• Ed Brown

I Am a Pedestrian: Part 5

Walking around a city

I Am a Pedestrian is the result of a 159-kilometre walk around Toronto. The book consists of 159 observations gleaned from a 42-hour adventure at the perimeter. I Am a Pedestrian is a record of underexplored places, stories of people encountered and lost histories rediscovered at Toronto’s current city limits.


Before the onset of the novel coronavirus, I promoted I Am a Pedestrian in public libraries and other venues with a talk titled, The Time Travelling Pedestrian. With the aid of historical photographs, maps, and group discussion, the presentation revealed how Toronto has grown from a lonely French outpost in 1750 to today's bustling metropolis.


In addition to walking current city limits established in 1998, I mapped out and walked the 1750, 1793, 1834 and 1954 limits. Below is an excerpt from the book.

City Limits 1954: What’s the Story?


I am a habitual trespasser.


Following the annexation of several surrounding communities, Toronto’s geography grows substantially. The provincial government passes the Municipality of Metropolitan Toronto Act. Metropolitan Toronto is born.


The population reaches one million. A subway line opens. The tallest building is thirty-four storeys. Families migrate to the suburbs.


Seeking fellow walkers, I placed an ad in Star Classifieds. No takers. A personal invitation to the mayor, declined. Walk begins early, beside the lake at R.C. Harris Filtration Plant on Victoria Park. The limits stair-step north and west then south through residential, retail and industrial zones.


The line of limit bisects private property, requiring me to:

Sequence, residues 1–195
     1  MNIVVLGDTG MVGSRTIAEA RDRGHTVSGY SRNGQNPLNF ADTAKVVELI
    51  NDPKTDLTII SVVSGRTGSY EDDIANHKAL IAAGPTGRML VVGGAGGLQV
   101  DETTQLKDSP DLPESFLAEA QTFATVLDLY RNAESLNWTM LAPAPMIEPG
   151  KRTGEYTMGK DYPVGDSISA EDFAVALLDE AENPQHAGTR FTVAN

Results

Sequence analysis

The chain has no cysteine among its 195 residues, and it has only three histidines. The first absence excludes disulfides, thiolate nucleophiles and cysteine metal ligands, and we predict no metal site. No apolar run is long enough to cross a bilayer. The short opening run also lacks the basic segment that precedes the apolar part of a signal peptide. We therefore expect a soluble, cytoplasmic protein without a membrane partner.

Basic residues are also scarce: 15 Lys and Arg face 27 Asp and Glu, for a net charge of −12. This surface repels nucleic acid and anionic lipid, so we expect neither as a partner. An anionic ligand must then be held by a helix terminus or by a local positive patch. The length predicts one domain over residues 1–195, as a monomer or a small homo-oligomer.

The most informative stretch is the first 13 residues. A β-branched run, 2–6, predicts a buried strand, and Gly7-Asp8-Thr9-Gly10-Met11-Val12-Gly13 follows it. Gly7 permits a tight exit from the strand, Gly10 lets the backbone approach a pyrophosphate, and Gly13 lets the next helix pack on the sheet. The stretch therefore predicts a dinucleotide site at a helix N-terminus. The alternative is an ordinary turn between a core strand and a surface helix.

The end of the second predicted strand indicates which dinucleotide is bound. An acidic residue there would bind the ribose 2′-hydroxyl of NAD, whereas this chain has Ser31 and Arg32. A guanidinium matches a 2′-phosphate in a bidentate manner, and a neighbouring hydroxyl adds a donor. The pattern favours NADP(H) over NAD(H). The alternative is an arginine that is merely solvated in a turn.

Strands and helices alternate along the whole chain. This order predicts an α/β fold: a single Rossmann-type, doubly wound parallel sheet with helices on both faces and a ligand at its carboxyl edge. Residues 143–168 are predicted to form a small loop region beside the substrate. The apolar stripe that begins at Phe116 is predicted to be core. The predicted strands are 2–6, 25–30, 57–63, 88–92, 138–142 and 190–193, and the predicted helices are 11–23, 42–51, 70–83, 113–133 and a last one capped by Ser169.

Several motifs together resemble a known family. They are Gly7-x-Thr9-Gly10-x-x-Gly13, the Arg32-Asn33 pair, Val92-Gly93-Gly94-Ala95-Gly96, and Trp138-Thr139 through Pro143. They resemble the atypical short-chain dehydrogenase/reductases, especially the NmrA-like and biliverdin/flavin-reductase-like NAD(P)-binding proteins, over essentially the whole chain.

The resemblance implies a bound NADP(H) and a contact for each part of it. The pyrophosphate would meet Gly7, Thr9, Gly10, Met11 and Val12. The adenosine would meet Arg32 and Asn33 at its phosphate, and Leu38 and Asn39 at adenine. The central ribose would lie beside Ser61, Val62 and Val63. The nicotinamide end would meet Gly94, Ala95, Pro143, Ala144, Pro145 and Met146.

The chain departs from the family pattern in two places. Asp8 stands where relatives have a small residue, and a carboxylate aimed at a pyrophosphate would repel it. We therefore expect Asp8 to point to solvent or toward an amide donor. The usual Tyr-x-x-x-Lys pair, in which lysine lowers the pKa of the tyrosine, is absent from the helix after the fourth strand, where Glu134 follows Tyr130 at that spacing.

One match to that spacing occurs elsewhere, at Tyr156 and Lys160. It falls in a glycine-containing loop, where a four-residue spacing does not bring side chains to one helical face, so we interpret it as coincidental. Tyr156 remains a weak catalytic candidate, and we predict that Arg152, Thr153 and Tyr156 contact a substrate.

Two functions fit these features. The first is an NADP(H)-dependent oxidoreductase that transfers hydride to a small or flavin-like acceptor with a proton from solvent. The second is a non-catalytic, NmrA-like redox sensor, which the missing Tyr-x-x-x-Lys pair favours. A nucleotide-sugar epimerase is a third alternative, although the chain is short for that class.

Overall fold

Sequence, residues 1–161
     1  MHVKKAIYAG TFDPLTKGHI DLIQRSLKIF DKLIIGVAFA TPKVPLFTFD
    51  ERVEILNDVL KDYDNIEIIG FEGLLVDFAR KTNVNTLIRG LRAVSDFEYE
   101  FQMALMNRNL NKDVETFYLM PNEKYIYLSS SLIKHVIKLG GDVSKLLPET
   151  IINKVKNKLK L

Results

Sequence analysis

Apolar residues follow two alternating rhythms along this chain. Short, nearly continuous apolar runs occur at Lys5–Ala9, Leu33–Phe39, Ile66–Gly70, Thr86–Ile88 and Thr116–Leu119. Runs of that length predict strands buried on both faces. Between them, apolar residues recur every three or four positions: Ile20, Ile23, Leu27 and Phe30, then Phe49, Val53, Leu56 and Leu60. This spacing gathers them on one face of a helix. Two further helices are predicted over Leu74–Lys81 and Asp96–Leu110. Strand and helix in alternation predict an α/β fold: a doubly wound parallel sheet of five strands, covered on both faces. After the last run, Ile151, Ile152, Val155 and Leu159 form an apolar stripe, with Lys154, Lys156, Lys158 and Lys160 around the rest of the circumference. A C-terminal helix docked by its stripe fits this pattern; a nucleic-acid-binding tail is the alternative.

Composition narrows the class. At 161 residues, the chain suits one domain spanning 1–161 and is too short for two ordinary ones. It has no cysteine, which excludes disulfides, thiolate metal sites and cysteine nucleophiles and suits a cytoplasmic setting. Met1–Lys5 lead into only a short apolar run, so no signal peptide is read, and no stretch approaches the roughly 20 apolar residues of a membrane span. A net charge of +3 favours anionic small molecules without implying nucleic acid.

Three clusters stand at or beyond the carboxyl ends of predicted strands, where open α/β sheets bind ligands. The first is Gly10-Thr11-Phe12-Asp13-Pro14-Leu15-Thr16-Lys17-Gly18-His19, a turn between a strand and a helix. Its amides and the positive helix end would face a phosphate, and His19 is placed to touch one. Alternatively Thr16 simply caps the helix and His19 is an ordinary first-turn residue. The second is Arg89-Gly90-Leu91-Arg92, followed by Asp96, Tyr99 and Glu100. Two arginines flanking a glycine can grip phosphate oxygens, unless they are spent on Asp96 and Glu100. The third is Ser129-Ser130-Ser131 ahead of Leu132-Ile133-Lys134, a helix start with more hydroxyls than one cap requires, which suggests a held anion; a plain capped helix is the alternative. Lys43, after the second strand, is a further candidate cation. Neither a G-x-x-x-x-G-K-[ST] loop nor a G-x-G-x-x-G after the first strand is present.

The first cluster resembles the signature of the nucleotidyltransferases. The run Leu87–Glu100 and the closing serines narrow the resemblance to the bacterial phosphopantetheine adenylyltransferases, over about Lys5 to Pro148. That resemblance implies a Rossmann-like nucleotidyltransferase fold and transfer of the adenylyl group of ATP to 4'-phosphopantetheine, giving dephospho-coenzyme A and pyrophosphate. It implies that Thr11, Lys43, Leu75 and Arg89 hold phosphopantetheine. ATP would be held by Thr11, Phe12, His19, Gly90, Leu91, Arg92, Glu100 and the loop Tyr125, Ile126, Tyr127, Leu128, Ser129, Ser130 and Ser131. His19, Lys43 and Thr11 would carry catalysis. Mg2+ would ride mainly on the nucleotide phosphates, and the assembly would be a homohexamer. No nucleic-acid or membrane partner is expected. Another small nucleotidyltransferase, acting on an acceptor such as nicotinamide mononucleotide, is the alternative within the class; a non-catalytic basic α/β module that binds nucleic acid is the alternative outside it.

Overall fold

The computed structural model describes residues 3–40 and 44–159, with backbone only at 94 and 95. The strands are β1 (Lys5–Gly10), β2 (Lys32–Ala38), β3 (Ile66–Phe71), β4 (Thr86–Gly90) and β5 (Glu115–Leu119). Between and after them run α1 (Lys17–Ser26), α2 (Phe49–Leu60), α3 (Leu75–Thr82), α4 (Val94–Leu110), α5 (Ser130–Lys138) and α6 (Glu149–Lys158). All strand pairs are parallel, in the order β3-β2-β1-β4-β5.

• Scale fences

• Wander through buildings

• Traipse through garages

• Trespass into construction sites

• Cross a cemetery

• Get chased from a golf course


As a result I am:


• Bitten twice by dogs

• Tripped up on a flight of stairs

• Struck (bumped, actually) by a minivan

• Scolded for meandering into a marching band procession

• Misted with liquefied offal outside a slaughterhouse


An inexplicable discovery: The 1954 limits almost exactly bisect the current geographic centre of the city, at Wanless Crescent in north Toronto.


A favourite discovery: A monument at Hoggs Hollow recognizing the contribution over the centuries of surveyors responsible for mapping Ontario on foot.


For a while I walk alongside a burly redheaded parking enforcement officer. Officer Jenison estimated he walks eight to ten thousand steps a shift. He knows because his wife bought him a pedometer. Officer Jenison pauses to ticket an illegally parked delivery van. I keep going.


Walking 1954 limits takes sixteen gruelling hours.


I Am a Pedestrian is available through this website.

Gift with every purchase. Limited time offer.